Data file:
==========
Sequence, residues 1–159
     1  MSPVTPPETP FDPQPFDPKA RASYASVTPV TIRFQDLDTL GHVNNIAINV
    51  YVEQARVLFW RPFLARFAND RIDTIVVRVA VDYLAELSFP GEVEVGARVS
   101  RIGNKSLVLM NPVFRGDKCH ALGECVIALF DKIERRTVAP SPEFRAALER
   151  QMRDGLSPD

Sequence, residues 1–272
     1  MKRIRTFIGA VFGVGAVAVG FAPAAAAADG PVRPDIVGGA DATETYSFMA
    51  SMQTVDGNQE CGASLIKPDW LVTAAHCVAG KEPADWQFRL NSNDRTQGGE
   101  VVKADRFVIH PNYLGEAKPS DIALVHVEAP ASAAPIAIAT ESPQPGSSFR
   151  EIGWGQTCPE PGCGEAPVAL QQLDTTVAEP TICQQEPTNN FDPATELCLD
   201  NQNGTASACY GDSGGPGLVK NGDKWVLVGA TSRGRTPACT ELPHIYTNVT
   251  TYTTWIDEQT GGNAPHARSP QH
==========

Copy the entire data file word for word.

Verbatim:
Sequence, residues 1–159
     1  MSPVTPPETP FDPQPFDPKA RASYASVTPV TIRFQDLDTL GHVNNIAINV
    51  YVEQARVLFW RPFLARFAND RIDTIVVRVA VDYLAELSFP GEVEVGARVS
   101  RIGNKSLVLM NPVFRGDKCH ALGECVIALF DKIERRTVAP SPEFRAALER
   151  QMRDGLSPD

Sequence, residues 1–272
     1  MKRIRTFIGA VFGVGAVAVG FAPAAAAADG PVRPDIVGGA DATETYSFMA
    51  SMQTVDGNQE CGASLIKPDW LVTAAHCVAG KEPADWQFRL NSNDRTQGGE
   101  VVKADRFVIH PNYLGEAKPS DIALVHVEAP ASAAPIAIAT ESPQPGSSFR
   151  EIGWGQTCPE PGCGEAPVAL QQLDTTVAEP TICQQEPTNN FDPATELCLD
   201  NQNGTASACY GDSGGPGLVK NGDKWVLVGA TSRGRTPACT ELPHIYTNVT
   251  TYTTWIDEQT GGNAPHARSP QH